I love the city. I first fell in love with metropolitan life as a 20-something pastor in San Francisco. Now, years later, while I still retreat to the mountains or desert or ocean for some extra peace and inspiration, “urban” continues to feel like home. Ironically, the pace of inner-city life often feels slower to me than that of suburban or even country living. I think it has to do with the walking. When I was a pastor in Texas and Georgia, I necessarily drove everywhere. From inside my air conditioned car I zipped past neighborhoods, businesses and parks on my way to meetings or hospital visits, windows rolled up, music blaring.
But the District of Columbia where I live now is a “walking city.” I’ve all but abandoned my air-conditioned car. Nowadays I shine with perspiration in the soggy summer air as I ride the packed escalator out of the Dupont Metro station. The giant moving stairway is excruciatingly slow and seems to take forever before reaching the sidewalk above. Some enterprising people jog up the escalator, briefcases in hand, Fitbits working overtime.
But I enjoy the unhurried experience. There’s almost always some street musician playing at the top of the escalator — the Peruvian guy on his mandolin, or the old man with a guitar singing B.B. King, or the young counter-tenor who, as far as I can tell, sings only Ave Maria. As the escalator lifts me out of the Metro tunnel I close my eyes and listen. Today it happened to be the Army vet with the fountain of dreadlocks playing old sitcom theme songs on his trumpet. By the time I reached the sidewalk, a small chorus of us were laughing and singing, with gusto, the lyrics to Gilligan’s Island.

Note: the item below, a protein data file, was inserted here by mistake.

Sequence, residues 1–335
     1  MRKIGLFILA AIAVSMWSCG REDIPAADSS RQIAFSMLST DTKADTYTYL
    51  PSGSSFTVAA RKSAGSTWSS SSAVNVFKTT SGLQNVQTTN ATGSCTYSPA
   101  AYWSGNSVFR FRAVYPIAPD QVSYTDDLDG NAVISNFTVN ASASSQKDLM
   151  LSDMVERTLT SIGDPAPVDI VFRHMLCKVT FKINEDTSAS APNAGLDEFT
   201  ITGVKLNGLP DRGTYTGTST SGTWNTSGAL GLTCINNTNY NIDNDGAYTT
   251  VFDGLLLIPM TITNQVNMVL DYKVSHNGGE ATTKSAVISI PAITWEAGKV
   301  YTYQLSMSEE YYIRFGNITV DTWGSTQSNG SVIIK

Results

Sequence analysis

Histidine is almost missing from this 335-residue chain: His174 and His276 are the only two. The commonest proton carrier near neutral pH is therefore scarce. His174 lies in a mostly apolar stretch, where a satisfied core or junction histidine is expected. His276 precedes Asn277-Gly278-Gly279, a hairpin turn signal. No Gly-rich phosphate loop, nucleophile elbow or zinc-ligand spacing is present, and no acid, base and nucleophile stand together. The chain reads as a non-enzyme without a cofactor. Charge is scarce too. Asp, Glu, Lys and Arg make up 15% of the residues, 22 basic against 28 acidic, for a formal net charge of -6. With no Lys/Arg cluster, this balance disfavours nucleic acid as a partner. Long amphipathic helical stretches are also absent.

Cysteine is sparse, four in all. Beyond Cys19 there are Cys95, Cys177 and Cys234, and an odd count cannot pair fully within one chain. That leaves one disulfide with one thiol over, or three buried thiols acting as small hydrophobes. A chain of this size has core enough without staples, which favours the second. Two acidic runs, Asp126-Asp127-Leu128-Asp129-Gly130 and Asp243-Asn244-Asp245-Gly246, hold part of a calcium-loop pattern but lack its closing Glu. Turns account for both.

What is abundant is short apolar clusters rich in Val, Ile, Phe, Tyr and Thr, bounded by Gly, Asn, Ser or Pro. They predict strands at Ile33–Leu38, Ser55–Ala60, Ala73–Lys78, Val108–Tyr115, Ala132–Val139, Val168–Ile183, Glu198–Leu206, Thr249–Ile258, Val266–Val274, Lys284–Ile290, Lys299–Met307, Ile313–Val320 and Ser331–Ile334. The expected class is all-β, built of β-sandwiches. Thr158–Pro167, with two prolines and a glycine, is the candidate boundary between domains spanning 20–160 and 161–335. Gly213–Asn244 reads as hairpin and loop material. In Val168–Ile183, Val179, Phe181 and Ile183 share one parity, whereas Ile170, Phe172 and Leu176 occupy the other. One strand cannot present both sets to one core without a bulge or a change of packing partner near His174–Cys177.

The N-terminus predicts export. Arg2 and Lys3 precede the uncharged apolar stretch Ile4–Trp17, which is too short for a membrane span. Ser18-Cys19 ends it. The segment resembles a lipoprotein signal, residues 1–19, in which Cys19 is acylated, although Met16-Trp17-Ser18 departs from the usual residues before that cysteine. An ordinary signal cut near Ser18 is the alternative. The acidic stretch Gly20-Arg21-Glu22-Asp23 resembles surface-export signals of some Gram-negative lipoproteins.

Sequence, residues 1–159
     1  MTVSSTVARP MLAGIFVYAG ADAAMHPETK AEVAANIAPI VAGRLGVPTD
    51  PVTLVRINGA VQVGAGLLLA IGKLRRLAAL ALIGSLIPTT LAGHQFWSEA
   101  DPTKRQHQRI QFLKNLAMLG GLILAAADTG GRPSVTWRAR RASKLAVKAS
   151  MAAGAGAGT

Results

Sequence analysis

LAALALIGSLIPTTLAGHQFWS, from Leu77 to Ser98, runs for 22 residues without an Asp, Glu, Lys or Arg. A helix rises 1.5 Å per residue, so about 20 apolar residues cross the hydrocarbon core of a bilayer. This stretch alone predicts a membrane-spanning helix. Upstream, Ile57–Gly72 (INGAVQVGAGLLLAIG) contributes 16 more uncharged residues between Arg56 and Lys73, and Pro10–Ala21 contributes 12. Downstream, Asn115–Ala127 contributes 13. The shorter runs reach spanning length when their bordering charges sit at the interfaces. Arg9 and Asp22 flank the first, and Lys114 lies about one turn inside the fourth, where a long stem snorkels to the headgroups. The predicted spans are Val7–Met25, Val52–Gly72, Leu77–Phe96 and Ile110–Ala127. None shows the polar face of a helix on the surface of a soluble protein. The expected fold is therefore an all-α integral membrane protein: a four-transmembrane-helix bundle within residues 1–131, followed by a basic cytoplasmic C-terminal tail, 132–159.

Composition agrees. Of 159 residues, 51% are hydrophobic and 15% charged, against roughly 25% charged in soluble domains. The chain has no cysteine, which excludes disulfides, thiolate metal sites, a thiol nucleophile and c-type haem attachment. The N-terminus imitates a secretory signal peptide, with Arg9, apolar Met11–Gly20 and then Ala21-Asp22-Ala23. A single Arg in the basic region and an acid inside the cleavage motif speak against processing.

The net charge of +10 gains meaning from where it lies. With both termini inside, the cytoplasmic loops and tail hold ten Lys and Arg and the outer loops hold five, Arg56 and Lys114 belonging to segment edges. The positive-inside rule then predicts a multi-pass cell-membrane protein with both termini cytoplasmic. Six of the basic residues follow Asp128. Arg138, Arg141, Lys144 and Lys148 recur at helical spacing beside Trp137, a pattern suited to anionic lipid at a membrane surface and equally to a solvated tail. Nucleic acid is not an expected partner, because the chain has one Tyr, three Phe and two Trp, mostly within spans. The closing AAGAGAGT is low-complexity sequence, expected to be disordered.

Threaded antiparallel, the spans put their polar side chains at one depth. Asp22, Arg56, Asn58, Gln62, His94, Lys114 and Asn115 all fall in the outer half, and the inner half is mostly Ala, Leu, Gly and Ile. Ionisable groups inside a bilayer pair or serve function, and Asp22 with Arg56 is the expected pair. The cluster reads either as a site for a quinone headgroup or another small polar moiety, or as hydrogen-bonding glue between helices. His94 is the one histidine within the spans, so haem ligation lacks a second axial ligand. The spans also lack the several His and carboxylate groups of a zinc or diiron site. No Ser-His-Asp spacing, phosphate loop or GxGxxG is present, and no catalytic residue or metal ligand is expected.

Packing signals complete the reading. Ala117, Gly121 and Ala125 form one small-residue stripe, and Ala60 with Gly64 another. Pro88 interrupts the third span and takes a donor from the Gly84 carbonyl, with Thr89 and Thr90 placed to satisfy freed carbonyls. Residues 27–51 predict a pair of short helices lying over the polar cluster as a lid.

Recently my spiritual director gave me an assignment: “Practice being fully present in whatever moment you happen to be,” she instructed me. “Pick an image — either air, heartbeat or ground — to prompt you into the immediate moment.”
I thought about my daily foot-commute. “I choose ground,” I said.
It is a considerable challenge to keep our soul and mind in the same vicinity as our body. And while I admit that it’s taken some practice, I find these days that the simple act of walking in my city has become a cherished, holy exercise. The measured, foot-to-pavement rhythm grounds me in this moment, this breath, this face coming toward me on the sidewalk.
As Frederick Buechner reminds us, Jesus is apt to show up, “Not in a blaze of unearthly light, not in the midst of a sermon, not in the throes of some kind of religious daydream, but … at supper time, or walking along a road ….”
Love meets us, in other words, in all kinds of moments — urban or otherwise — if we are present enough to notice.